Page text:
So I changed to sociology when I was 20, and in the middle I had a lot of different work, and I finished studying sociology when I was 27. Then I went to work at Conicet--that is an institution here in Argentina, very prestigious. But I didn’t feel very comfortable with that job. For me it was a very lonely job. I enjoyed doing my own research. It’s very interesting having the chance to do your own research, not to research for others. But still, I didn’t enjoy the idea of doing it by myself, alone.
And I’ve always loved doing films, since I was very young. I did some short films when i was a teenager with friends that were very popular at school. So for me it was, ‘Okay lets do it’. So I started studying filmmaking.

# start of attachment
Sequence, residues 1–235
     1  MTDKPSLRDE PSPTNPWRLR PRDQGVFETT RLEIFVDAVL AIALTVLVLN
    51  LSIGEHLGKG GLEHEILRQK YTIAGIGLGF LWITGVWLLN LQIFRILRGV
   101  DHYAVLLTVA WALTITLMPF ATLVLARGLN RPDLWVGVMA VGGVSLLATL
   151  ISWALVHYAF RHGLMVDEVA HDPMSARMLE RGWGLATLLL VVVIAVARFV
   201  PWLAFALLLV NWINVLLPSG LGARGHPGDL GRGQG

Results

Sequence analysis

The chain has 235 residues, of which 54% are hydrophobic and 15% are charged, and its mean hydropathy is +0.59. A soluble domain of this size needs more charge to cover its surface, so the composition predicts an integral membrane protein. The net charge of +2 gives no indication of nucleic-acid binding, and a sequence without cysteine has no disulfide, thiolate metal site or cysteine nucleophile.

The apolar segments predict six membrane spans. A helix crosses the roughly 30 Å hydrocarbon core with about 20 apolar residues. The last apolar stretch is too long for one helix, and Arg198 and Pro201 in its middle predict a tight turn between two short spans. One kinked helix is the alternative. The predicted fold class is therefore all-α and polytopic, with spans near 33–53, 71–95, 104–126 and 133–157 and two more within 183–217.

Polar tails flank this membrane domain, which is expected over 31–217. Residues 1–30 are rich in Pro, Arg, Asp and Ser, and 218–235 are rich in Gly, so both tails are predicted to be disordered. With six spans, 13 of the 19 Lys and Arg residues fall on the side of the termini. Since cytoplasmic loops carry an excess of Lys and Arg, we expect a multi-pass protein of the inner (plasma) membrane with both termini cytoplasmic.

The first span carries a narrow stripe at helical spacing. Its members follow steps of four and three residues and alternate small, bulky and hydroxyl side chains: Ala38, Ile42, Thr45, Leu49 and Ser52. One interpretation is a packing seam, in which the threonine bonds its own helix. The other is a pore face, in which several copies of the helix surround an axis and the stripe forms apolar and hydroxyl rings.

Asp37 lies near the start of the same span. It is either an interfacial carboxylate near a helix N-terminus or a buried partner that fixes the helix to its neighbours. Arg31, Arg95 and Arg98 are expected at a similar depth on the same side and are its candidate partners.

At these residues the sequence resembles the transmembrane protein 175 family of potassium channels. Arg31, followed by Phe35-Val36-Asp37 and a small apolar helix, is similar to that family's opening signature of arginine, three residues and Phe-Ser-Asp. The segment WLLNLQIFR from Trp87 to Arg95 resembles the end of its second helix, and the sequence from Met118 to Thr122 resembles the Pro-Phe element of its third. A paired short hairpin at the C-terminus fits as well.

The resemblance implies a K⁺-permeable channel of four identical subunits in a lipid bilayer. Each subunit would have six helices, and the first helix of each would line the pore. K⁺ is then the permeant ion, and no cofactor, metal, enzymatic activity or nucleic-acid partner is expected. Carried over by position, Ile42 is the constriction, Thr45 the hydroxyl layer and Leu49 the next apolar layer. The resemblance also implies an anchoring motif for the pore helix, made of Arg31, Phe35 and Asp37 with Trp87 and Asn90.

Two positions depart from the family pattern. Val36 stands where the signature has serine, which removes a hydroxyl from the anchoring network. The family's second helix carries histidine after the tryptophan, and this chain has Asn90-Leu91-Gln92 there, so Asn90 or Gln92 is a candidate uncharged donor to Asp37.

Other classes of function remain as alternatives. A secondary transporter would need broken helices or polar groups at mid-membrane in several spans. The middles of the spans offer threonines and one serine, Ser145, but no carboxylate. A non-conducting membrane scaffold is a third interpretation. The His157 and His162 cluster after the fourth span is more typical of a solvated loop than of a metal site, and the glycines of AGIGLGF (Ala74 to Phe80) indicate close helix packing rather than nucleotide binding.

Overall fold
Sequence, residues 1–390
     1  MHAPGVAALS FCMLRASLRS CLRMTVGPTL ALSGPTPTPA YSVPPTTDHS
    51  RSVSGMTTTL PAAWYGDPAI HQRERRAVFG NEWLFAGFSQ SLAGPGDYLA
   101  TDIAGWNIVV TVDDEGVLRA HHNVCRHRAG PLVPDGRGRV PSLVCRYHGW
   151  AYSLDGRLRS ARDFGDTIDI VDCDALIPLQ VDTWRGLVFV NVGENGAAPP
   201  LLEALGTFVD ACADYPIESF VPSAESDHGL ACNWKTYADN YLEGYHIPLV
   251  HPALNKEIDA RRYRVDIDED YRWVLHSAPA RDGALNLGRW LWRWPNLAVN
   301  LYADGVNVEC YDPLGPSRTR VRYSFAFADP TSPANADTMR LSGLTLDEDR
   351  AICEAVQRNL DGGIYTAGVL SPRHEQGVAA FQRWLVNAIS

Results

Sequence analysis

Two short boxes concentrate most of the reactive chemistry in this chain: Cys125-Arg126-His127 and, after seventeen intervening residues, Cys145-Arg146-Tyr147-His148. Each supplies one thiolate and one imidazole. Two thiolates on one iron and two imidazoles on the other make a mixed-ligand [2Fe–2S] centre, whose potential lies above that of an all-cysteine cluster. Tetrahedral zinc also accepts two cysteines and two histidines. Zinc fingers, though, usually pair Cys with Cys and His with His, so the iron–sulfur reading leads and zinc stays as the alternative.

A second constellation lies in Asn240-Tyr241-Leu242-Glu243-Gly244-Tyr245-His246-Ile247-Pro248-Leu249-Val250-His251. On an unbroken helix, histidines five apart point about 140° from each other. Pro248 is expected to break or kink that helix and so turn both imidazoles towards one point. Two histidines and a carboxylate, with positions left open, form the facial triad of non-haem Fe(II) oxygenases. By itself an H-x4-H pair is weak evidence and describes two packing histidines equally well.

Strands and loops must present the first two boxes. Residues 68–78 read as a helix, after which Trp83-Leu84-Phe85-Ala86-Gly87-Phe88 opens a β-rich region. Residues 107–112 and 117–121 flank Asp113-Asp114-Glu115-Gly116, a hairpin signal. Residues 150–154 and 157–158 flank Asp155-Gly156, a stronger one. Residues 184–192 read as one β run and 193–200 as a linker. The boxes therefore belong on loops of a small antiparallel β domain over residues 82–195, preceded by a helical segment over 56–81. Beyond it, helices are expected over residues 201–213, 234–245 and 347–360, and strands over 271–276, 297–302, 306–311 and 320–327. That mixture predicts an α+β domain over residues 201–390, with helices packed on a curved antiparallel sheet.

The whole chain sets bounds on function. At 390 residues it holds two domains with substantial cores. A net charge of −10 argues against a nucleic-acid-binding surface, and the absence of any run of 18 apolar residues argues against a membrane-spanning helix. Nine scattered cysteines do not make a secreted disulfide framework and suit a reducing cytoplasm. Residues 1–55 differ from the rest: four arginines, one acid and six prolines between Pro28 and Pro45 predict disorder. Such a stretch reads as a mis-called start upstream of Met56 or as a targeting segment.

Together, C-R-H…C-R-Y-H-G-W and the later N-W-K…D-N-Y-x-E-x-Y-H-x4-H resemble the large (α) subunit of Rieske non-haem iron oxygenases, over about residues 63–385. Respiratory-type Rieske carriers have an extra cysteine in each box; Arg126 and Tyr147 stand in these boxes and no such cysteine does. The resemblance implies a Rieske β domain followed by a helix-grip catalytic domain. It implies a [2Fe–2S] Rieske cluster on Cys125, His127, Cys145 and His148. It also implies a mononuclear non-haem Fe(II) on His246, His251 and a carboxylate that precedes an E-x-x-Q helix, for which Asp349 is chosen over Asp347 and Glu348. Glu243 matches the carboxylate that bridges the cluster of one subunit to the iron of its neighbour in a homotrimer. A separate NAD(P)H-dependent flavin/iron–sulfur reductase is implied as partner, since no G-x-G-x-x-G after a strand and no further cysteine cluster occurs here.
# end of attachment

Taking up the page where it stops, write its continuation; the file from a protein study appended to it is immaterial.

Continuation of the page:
I think that there is a very interesting relationship between (filmmaking and sociology). They can work together very well. They fit, because I think that sociology gives us a lot of tools to understand society-- to understand people. It’s very helpful to write scripts, to think about conflict, to think about drama. That’s filmmaking. That’s cinema. And so I think that sociology gives me a lot of tools to think about a movie. Usually, when I teach sociology, I use a lot examples from movies. I think that movies give us a lot of examples about society, about what people do, what they prefer, about happiness, about sadness.